Veere di Wedding is finally here after bouts of delays: the first because of star Kareena Kapoor Khan's pregnancy, and the second after producers decided to delay the premiere for a few months.
Such last-minute tinkering understandably caused the internet rumour mill to fly with discussions surrounding the state of the film.
Fortunately, Veere Di Wedding delivers on its initial promise: it is a fun, feisty and slightly ribald comedy but with a tender heart lurking not far beneath.
A story of friendship
The film revolves around a tightly knit group of four friends as they face the trials of family, modern-day romance and a big Indian wedding.
Triggering that journey is Kalindi (Kapoor-Khan), one of the group’s staunchest individualists, who on a whim decides to tie the knot with her long-term boyfriend Rishab (Sumeet Vyas).
Shocked at the news, the remaining girls; the hot-shot lawyer Avni (Sonam Kapoor), the perennially angsty Sakshi (Swara Bhaskar) and family woman Meera (Shikha Talsania) converge to support Kalindi as she prepares to run the gauntlet of cultural and religious customs that are all part of the wedding ceremony.
A topical tale
What follows next is the film juxtaposing scenes of the splendour and glamour that goes behind a high-profile ceremony with the brooding questions and doubts the girls feel when discussing notions of relationships and family.
This is where the film is most intriguing. In a refreshing break from standard Bollywood fare, where marriage is often dealt with superficially at best, Veere di Wedding makes an effort to ask the tough questions: is having a family a sacrifice? What do we gain and lose by inviting someone else into our lives? And is the traditional marriage effective for today's well-connected generation?
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Such topics should resonate well beyond Indian audiences and the smart way that it's discussed and presented by screenwriters Nidhi Mehra and Mehul Suri sets the film up to be enjoyed by the non-Bollywood filmgoer.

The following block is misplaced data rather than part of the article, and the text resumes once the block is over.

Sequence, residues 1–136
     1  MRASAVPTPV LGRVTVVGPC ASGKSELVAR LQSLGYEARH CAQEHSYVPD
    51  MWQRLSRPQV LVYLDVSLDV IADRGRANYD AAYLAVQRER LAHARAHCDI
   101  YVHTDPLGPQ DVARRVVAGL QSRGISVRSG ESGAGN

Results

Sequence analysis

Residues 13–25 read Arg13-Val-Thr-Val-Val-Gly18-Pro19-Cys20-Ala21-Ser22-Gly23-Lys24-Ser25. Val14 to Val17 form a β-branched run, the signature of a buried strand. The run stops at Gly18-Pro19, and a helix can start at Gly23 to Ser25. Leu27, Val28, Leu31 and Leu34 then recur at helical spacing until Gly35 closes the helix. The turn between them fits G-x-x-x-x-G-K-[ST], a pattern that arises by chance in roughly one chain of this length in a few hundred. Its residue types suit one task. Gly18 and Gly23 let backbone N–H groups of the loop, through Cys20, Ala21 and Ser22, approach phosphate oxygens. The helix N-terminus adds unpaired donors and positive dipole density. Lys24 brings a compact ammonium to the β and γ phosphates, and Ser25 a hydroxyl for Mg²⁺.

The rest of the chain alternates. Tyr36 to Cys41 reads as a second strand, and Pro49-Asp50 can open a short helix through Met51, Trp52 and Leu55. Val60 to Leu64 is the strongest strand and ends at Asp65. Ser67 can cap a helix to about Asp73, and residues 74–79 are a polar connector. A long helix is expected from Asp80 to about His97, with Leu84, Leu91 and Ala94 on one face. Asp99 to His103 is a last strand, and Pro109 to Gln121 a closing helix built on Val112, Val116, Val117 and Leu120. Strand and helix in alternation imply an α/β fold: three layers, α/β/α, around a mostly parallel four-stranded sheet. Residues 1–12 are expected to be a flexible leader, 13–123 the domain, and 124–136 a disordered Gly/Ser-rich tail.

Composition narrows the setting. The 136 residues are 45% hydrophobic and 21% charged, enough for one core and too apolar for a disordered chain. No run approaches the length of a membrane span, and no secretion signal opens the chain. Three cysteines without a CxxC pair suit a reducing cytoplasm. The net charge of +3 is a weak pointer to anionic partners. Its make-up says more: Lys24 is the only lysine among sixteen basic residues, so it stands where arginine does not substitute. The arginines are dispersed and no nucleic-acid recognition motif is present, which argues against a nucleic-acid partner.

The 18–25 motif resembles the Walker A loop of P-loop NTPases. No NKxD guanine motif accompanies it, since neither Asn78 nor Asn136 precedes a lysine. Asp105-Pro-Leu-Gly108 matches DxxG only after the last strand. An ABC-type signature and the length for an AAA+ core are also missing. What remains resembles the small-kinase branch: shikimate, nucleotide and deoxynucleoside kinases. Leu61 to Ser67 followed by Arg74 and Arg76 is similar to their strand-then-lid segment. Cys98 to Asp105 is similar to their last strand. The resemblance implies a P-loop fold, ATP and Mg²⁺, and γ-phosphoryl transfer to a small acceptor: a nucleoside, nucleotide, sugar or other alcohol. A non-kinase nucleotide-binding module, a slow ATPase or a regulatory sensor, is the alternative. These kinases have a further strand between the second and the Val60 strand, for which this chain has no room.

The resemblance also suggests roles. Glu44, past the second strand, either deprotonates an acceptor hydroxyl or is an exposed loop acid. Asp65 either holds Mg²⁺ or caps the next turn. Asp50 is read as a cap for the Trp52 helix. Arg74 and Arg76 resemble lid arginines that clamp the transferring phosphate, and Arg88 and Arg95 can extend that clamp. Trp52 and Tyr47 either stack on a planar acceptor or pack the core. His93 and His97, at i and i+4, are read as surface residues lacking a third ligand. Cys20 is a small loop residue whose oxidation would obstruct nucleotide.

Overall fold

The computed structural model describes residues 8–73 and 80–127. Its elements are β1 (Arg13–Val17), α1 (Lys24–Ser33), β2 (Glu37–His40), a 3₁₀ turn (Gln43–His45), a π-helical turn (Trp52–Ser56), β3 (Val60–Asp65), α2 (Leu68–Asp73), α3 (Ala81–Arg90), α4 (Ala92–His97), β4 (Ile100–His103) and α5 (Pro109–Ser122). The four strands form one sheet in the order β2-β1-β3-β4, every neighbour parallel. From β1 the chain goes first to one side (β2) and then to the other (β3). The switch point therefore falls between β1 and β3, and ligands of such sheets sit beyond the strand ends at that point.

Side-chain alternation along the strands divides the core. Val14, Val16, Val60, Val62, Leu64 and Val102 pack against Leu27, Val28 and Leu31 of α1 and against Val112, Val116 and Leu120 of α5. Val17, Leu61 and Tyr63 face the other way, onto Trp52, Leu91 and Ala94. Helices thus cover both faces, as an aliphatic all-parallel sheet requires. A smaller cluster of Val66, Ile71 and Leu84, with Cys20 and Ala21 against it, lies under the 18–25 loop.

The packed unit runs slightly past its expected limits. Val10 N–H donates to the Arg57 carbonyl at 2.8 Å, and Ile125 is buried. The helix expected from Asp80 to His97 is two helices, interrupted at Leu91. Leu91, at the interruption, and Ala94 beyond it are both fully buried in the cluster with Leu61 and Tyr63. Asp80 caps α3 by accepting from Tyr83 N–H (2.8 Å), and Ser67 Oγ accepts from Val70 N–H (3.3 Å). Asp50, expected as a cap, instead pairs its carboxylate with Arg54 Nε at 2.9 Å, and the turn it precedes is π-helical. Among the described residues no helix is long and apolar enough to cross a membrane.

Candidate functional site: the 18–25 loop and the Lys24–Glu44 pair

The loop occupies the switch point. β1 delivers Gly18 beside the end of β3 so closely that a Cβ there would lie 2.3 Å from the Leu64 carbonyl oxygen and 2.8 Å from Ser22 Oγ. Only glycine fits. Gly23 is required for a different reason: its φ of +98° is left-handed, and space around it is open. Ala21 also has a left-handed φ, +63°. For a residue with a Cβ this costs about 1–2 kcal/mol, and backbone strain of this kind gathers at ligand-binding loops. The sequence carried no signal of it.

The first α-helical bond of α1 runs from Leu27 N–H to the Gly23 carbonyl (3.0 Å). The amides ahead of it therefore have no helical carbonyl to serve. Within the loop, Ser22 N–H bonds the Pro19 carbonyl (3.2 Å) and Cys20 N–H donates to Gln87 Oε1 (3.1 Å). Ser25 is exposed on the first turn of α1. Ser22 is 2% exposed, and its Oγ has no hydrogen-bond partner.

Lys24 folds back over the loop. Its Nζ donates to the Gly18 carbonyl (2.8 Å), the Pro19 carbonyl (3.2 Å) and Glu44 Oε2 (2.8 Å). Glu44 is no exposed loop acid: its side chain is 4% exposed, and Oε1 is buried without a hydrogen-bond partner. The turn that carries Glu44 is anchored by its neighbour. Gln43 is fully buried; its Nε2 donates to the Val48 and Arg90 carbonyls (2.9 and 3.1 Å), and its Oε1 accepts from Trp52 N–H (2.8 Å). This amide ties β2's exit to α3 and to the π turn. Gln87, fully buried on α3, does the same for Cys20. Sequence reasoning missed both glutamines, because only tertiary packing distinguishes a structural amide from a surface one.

A strong cast with chemistry
Another feather in the film's cap is the strong casting. Her name may be the most prominent in the posters, but Veere Di Wedding is more an ensemble drama than a straight Kapoor-Khan vehicle.
The multiple story-line features all four main protagonists who are all challenging traditional norms in their own ways. Despite her impending ceremony, Kalindi struggles to shrug off the view that marriage is a trapdoor to heartbreak.
On the other hand, Avni’s desperation to get married has her making suspect decisions; Meera’s family bliss is tainted by her father disowning her for marrying a non-Indian; and Sakshi is keeping a low-profile after splitting up with her husband after only a few months marriage.
While director Shashanka Ghosh (2014's Khoobsurat) does a fine job of skilfully giving each story its due while keeping the film pacey enough, it is ultimately the sheer chemistry all four girls share that allows the film's two-and-half-hour running time to never feel onerous.
More than the lavish dance sequences, Veere di Wedding shines in the more static scenes where the girls sit together to share anecdotes and reveal hard truths.
The genuine warmth on display is beguiling and it’s not long before you are rooting for all of them to find what they are looking for.
The final take
While a lot is being said about the film's vulgar humour – it was enough for Pakistan to ban the film from cinemas – the film is by no means as colourful as the 2011 US all-girl comedy Bridesmaids.
While the film certainly raises a few eyebrows on occasions it is all done with such joy and mirth that you can’t help cackling along.
So it's best to keep the kids at home and enjoy the smart and adult fun that is Veere di Wedding.